NUJ, NBC knock Zamfara government over closure of broadcast stations
Some stakeholders in the media have faulted the decision of the Zamfara State government to shut down the federal government and privately owned broadcast stations in the state.
PREMIUM TIMES reported that the stations including NTA, Pride FM, Gamji TV and Al’umma TV were closed for disobeying an Executive Order not to air political activities in the state.
In a statement on Sunday, the National Broadcasting Commission (NBC), which regulates broadcast stations in the country, declared the state government’s action illegal and asked it to be reversed.
The statement was signed by the Director General of the Commission, Balarabe Illela.
“National Broadcasting Commission has noted with serious concern the illegal action of Zamfara State Government by directing the shutdown of operations of licensees of the Commission in the State, on Saturday, October 15, 2022,” Illela said in the statement.
“The NBC has clearly notified the State Government of the gravity of the illegality and requested it to expeditiously reverse the directive and apologise to the people of the State.
“We also urge the security agencies to ignore the call to restrict staff of the affected stations from conducting their legitimate duties.
“The Commission wishes to further emphasise that it will resist ANY attempt to cause a breach of law and order ANYWHERE through the misuse of the broadcast media in Nigeria, before, during and after the 2023 national elections.
“We call on ALL industry stakeholders to resist ANY attempt to truncate the hard-earned democratic gains in Nigeria,” Illela said.
The NBC advised persons or institutions who have grievances against broadcast stations to follow due process.
An embarrassing error
Meanwhile, the Nigerian Union of Journalists NUJ has described the decision as an embarrassing error.
The union called on the state government to quickly rescind the ban so that the press can perform its functions accordingly.
The statement, signed by the union’s National Secretary, Shuaibu Leman, said the media has a role in monitoring security agencies and ensuring that the public is updated.
“For a state government to arbitrarily override a section of the Nigerian Constitution and the National Broadcasting Commission NBC code, in a democracy like ours, which recognizes the role of mass media, and the freedom of expression for its citizens, speaks volumes of the level of impunity the country has descended into,” the statement said.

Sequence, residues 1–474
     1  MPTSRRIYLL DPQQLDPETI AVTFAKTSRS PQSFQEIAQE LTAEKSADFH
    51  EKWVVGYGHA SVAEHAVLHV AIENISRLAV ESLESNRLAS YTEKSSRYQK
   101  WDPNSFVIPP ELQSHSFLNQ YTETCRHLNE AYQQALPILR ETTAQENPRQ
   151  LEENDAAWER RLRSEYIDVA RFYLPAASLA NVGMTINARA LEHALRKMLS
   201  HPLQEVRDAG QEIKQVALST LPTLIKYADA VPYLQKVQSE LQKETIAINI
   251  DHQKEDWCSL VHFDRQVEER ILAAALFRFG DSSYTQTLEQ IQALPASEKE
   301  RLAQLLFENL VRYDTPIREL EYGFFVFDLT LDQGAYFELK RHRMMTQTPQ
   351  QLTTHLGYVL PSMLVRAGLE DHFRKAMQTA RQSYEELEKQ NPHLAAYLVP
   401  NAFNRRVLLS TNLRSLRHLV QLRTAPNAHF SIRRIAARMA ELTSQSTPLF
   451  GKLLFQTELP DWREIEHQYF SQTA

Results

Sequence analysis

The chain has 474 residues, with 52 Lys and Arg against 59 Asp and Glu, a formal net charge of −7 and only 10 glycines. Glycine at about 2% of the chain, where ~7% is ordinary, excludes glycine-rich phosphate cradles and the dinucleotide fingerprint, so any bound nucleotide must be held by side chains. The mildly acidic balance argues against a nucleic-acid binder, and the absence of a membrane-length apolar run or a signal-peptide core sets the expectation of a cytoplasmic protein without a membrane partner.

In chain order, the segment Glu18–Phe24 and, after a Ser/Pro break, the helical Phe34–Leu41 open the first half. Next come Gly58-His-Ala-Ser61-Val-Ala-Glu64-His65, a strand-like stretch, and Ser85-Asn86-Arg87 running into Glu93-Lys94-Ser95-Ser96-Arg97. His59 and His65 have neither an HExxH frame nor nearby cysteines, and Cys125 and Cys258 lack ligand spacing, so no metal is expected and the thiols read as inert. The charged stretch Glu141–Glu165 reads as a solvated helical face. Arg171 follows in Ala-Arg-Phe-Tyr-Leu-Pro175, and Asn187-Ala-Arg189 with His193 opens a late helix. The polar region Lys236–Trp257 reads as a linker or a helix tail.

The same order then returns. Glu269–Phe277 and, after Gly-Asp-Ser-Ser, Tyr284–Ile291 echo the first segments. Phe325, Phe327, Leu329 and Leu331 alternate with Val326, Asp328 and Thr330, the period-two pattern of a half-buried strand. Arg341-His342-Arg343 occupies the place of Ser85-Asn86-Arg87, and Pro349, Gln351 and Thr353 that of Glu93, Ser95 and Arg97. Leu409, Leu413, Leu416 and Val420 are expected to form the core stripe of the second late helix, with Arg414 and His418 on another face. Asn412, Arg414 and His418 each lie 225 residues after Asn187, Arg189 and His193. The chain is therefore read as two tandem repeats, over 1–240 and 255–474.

Leman cautioned that the decision by the state government could “aggravate the already fragile nature of security in the state.”
The Northern Broadcast Media Owners Association also faulted the decision in a statement signed by its acting chairman, Abdullahi Yelwa.
The association said it received the news of the closure with shock and disbelief.
Yelwa said the directive to security agencies to deny journalists access to their offices was unconstitutional and illegal.
“The job of the media, the world over, is constitutionally guaranteed just like the right of citizens to freely express themselves. The Nigerian press has survived the evil of colonialism and the dark draconian military days. It’s ironic therefore for it now to be threatened with closure under the democratic dispensation it helped to bequeathe,” he said.
Yelwa called on the police authorities in the state to protect journalists against attack.
“There is however the palpable fear that the affected stations stand the risk of being attacked by agents of the Zamfara state government for simply carrying out their constitutional mandate. It’s therefore expedient on the police command in Zamfara state to offer them protection,” he said. Premium Times